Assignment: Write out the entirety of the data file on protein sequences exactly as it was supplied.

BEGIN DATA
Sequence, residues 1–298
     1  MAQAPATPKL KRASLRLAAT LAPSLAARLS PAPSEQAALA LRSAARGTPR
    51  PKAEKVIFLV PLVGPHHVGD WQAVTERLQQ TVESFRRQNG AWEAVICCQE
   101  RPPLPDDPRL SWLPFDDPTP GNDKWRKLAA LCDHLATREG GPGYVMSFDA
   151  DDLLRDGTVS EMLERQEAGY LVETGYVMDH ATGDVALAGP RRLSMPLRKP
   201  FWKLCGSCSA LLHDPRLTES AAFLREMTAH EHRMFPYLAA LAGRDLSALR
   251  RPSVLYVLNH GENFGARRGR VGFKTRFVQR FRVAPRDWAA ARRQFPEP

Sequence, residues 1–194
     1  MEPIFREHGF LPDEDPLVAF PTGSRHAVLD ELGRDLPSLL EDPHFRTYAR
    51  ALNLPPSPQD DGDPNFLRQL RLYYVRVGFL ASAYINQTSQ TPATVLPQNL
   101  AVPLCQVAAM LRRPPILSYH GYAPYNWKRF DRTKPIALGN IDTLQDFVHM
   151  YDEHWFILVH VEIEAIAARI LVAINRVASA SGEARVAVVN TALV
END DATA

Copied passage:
Sequence, residues 1–298
     1  MAQAPATPKL KRASLRLAAT LAPSLAARLS PAPSEQAALA LRSAARGTPR
    51  PKAEKVIFLV PLVGPHHVGD WQAVTERLQQ TVESFRRQNG AWEAVICCQE
   101  RPPLPDDPRL SWLPFDDPTP GNDKWRKLAA LCDHLATREG GPGYVMSFDA
   151  DDLLRDGTVS EMLERQEAGY LVETGYVMDH ATGDVALAGP RRLSMPLRKP
   201  FWKLCGSCSA LLHDPRLTES AAFLREMTAH EHRMFPYLAA LAGRDLSALR
   251  RPSVLYVLNH GENFGARRGR VGFKTRFVQR FRVAPRDWAA ARRQFPEP

Sequence, residues 1–194
     1  MEPIFREHGF LPDEDPLVAF PTGSRHAVLD ELGRDLPSLL EDPHFRTYAR
    51  ALNLPPSPQD DGDPNFLRQL RLYYVRVGFL ASAYINQTSQ TPATVLPQNL
   101  AVPLCQVAAM LRRPPILSYH GYAPYNWKRF DRTKPIALGN IDTLQDFVHM
   151  YDEHWFILVH VEIEAIAARI LVAINRVASA SGEARVAVVN TALV